Rescuing a good product from bad customer service.
I’ve been setting up my house for wireless music throughout. The technology I chose is Apple’s Airplay. It has a terrific feature set, it operates over my existing wi-fi, and the components are inexpensive. Most rooms need only a second-hand or refurbished Aiport Express, and rooms with televisions get an AppleTV. The system allows me to enable any combination of zones, and stream all my media to anywhere, from my computer, tablet, or phone. Cheap, easy, and powerful. All it needs is amplifiers!
The Airport Express is a fantastic (and wildly underappreciated) little box for slinging wireless music around. The output is line-level however, so it needs an amp. I searched for a nice compact amplifier that could drive bookshelf speakers from the Express, and found Amphony’s Model M100. It’s a lovely looking little amp, has good reviews, and is reasonably priced. So I ordered one to try it out.
Things got weird right away. The company seems to be based in New York, but this amp was sent to me via USPS from a house in Illinois. The address seemed odd, so I googled it, and it’s just some woman’s house in suburbia (her name was in the originator address from USPS). Strange, but okay, I have my amp.
Well, it was Dead On Arrival.
The next step was to call Amphony customer support. The customer support phone number on their website doesn’t go to a company switchboard or anything- it rings directly to some guy named Abraham’s desk. Okay, maybe it’s a small company. I left a message for Abraham, but never got a response. Days, went by, and I kept trying. Then weeks went by. I tried email as well. Finally, Abraham did get back to me, I explained the situation, and he seemed genuinely interested in helping. He issued an RMA, took my address, and said a replacement was en route. More weeks went by. I started calling and emailing again. No response. By now, it’s been months, the replacement never showed up, and my calls and emails are being ignored. Abraham no longer seems to exist.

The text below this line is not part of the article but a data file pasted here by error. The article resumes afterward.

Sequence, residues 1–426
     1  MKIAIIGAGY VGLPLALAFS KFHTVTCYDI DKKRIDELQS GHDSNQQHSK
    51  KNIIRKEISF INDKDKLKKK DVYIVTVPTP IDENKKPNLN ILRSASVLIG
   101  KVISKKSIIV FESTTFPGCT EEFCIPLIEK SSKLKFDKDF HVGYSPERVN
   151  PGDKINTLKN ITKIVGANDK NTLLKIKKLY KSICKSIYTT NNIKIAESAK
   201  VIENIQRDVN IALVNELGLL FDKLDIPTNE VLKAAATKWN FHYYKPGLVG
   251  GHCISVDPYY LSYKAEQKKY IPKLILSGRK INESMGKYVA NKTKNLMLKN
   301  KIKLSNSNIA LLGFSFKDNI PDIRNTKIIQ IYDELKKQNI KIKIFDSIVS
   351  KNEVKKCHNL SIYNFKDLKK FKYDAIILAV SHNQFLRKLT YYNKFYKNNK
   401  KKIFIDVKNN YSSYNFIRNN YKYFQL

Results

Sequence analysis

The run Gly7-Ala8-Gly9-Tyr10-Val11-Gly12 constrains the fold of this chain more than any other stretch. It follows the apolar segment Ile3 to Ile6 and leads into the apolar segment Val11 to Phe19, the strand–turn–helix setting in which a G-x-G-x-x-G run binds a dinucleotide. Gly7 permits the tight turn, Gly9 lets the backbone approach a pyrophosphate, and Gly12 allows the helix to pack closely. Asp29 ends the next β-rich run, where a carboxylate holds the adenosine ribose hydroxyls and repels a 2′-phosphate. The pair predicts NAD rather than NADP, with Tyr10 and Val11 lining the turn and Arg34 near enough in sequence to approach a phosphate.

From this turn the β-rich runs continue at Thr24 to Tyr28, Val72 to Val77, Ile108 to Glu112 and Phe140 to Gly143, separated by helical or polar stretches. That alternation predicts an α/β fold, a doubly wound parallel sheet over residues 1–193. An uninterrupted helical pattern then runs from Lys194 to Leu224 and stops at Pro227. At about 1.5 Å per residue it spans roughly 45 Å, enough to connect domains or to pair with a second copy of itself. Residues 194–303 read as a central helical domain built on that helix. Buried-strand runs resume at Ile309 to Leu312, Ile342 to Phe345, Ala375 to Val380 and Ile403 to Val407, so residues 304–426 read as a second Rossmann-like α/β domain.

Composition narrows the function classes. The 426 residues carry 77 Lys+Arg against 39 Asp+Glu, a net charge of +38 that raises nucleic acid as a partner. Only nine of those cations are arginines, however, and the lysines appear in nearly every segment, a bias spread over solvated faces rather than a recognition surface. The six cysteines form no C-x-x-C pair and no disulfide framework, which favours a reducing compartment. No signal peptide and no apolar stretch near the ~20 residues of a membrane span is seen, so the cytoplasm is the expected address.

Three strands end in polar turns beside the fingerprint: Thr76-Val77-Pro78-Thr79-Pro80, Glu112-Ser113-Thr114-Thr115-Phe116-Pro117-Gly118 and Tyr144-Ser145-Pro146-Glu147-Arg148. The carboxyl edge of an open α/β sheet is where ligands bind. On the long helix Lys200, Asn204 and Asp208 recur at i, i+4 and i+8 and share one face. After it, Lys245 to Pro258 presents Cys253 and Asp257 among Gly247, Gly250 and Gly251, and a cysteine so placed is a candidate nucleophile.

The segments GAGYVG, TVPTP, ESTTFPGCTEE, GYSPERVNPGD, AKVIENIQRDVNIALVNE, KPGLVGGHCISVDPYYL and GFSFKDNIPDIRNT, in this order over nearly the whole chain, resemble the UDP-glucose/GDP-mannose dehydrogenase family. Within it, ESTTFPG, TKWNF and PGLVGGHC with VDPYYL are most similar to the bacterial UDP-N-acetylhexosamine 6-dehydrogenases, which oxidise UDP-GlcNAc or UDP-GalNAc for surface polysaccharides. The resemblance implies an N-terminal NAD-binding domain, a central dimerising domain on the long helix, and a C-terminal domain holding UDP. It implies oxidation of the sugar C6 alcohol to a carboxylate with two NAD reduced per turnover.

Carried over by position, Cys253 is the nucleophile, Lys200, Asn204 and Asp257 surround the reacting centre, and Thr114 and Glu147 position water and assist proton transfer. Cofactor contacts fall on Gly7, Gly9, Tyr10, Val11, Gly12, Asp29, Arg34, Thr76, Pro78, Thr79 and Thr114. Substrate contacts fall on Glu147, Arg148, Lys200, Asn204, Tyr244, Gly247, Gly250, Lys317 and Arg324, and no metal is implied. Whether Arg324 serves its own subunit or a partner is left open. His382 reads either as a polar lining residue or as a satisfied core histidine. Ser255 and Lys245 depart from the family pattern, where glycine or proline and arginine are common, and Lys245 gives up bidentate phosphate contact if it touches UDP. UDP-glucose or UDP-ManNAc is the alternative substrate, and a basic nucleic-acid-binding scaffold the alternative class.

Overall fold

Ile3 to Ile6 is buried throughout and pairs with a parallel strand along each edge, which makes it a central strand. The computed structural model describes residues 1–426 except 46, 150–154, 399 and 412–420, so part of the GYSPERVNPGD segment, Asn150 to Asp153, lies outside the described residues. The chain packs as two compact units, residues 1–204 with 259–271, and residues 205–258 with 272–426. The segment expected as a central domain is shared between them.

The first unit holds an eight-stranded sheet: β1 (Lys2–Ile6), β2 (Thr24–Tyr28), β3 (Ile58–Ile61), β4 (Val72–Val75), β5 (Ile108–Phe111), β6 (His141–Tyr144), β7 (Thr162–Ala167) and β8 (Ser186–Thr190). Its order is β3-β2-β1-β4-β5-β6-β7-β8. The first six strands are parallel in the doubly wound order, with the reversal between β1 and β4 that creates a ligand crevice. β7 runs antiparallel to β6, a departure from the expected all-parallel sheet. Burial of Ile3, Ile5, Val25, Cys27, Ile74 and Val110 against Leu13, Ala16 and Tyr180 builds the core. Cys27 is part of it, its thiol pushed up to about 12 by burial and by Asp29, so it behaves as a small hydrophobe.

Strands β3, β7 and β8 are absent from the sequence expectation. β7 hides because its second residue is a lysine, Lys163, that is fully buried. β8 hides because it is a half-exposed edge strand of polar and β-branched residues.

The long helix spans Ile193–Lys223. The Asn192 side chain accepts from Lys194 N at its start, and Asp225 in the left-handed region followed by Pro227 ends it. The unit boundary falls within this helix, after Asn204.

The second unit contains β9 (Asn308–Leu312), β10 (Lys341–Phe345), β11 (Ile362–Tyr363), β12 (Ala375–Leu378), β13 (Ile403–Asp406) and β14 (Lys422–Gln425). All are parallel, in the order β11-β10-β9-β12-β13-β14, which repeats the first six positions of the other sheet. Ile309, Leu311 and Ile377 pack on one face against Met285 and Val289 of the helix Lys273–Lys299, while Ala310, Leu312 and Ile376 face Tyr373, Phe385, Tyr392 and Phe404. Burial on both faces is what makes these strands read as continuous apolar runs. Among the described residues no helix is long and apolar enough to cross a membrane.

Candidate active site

So, I’m out $70, right? Well, nothing to lose now, so I might as well crack it open and see if it’s an easy fix.
Now all I needed was three replacement caps. To the parts drawer! Sadly, I have plenty of caps in that size and voltage rating, but none that are exactly the same form factor. I tried in vain for a while to make some other cap fit, but space is really tight. So tight that the PCB has holes cut in it for clearance on these caps. No other ones would do- they need to be this exact size.
To the junk pile! I have all kinds of busted old gear here. Surely something has the right caps in it.
Well, all this electronic archeology is fun, but ripping old shit apart is not netting me the caps I need. In the interest of time, I went off to DigiKey and found the caps there. Thankfully, the online distributors are very detailed about their stock, so I could find the exact dimensions of cap that are required here.
Now for the big test! Was that all that was wrong with this amp? Only one way to find out.
Result! A quick run through all the features, and it’s clear those caps were the only problem. 35 cents later, and my $70 investment is rescued. It really is a very nice amp. What is going on with Amphony’s customer service, anyway? Guys? Anyone there? Bueller?